Egypt military blames Muslim Brotherhood for woes

By Sarah El Deeb

Associated Press

Published: Friday, June 22 2012 8:05 a.m. MDT

Egyptian supporters of the Muslim Brotherhood's candidate for president, Mohammed Morsi, attend Friday prayers in Tahrir Square, Cairo, Egypt, Friday, June 22, 2012. Egypt's ruling military council has blamed the Muslim Brotherhood for raising tensions in the country by releasing election results early.

Bernat Armangue, Associated Press

CAIRO — Egypt's ruling military council on Friday blamed the Muslim Brotherhood for raising tensions by releasing presidential election results early — and defended decisions granting itself sweeping powers.

The military statement came as tens of thousands rallied in Cairo's Tahrir Square to support the Brotherhood's candidate for president, Mohammed Morsi. The protesters also denounced what they perceive as the military's power grab that strips the next leader of much of his authority.

The demonstration in midday heat Friday, the largest in four straight days of protests, showed the potential explosiveness of the situation in Egypt.

The Brotherhood declared Morsi the winner in a runoff election for president just hours after polls closed this Sunday. That claim was contested by Morsi's rival, Ahmed Shafiq, who was ousted President Hosni Mubarak' s last prime minister.

The military council said in a sternly worded statement read out on state TV Friday that raising doubts about the future of Egypt is a means to pressure public opinion.

"Announcing the results of the presidential election early, before the official statement, is unjustified and is one of the main reasons behind the division and confusion prevailing on the political scene," said the statement, without naming the Brotherhood.

The official results of the election were to be announced Thursday, but authorities postponed that, setting off a wave of accusations of fraud and manipulation aimed at all sides, including the ruling military.

The generals last week issued a constitutional declaration that gave them wide powers, many of which would have been wielded by the newly elected president. International condemnation followed, saying the decision raised doubts about the military's commitment to transferring powers to an elected civilian authority.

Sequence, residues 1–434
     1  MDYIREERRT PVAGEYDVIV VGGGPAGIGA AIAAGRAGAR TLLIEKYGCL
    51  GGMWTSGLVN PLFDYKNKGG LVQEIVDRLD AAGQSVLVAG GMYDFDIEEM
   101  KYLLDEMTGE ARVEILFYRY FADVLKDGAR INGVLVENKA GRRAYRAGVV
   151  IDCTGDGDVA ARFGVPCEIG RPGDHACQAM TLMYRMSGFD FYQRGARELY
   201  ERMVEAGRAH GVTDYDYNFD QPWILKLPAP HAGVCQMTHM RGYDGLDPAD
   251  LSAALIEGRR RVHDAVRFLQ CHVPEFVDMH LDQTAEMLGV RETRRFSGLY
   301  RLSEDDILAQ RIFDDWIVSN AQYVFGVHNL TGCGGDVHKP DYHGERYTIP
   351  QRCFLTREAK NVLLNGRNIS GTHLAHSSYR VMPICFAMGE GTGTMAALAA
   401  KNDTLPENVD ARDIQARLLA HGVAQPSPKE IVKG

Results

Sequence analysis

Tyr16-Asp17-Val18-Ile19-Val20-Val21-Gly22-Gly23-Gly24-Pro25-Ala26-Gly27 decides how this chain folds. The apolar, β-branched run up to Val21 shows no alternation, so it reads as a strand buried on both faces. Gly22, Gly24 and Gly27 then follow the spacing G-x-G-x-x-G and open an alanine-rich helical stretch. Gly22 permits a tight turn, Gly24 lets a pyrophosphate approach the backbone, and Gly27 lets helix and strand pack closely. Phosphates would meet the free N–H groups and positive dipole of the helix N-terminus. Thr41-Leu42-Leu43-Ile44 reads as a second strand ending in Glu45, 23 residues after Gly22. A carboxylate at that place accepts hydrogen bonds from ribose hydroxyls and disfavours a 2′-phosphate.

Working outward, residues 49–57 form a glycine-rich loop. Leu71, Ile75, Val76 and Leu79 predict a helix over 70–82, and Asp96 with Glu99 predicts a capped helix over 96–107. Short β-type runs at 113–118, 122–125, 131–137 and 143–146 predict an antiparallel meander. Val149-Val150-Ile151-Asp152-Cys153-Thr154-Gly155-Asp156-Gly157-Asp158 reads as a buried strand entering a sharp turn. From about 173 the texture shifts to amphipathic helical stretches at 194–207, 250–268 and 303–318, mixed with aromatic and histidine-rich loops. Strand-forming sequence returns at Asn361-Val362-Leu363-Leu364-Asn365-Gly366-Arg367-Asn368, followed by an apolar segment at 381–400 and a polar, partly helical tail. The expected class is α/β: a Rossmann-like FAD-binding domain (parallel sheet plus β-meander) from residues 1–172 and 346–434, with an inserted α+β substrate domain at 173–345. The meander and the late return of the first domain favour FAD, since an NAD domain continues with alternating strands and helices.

The military has said it would hand over power by July 1, but the generals have called that into question in recent weeks because of political uncertainties.

The council said its constitutional declaration was needed in order for the military to run the country's affairs during this "critical period."

The military council also rebuffed calls to reinstate the Brotherhood-dominated parliament, which was dissolved by a court ruling last week. The military statement said court decisions must be respected.

The military warned that any attempt to "harm public and private interests" would draw a "firm" response, suggesting it would not tolerate violent protests.

Most of the demonstrators in the downtown Cairo square on Friday were Muslim Brotherhood members and backers — unlike the mostly secular and liberal protesters who dominated the popular revolution. They were joined by a few liberal groups that have long protested against the generals, accusing them of mismanaging the transition.

Similar protests were held in Alexandria, Egypt's second largest city.

Before leading Friday prayers in the Cairo square, cleric Mazhar Shaheen said Morsi was the clear winner in the election.

"From here, we tell Morsi we ask him to be president for all Egyptians — those who voted for him and those who didn't — and to reach out to Muslims and Christians. He is president for all," the cleric told the crowd from a podium in the square. About 10 percent of Egypt's 80 million people are Christians.

Late Thursday, Shafiq repeated his claim of victory and charged that the Brotherhood was "playing games" and striking "backdoor deals" with outside powers to influence the results.

Shafiq denounced the Brotherhood's public appeals. "These protests in the squares and fear-mongering campaigns in the media are all aimed at putting pressure on the election commission," he said.

By the Brotherhood's count, Morsi took 52 percent of the vote to Shafiq's 48 percent. The claim was based on the group's own compilation of election officials' returns from nearly all polling centers. The Brotherhood's early partial counts proved generally accurate in last month's first round of the presidential election.

Shafiq rejected those figures.

The Brotherhood said Morsi met Thursday with representatives of different revolutionary groups and public figures in an attempt to rally support against the military's moves, which they called a "military coup."

Morsi also consulted by phone with Mohamed ElBaradei, a pro-democracy leader, a prominent Brotherhood figure, Mohammed el-Beltagy, wrote on his Facebook page. ElBaradei, a secular leader, was seen as a major spark of last year's popular uprising. He has had little contact with the Brotherhood since.

"We are on the verge of a new phase to reformulate a unifying national project," el-Beltagy wrote.

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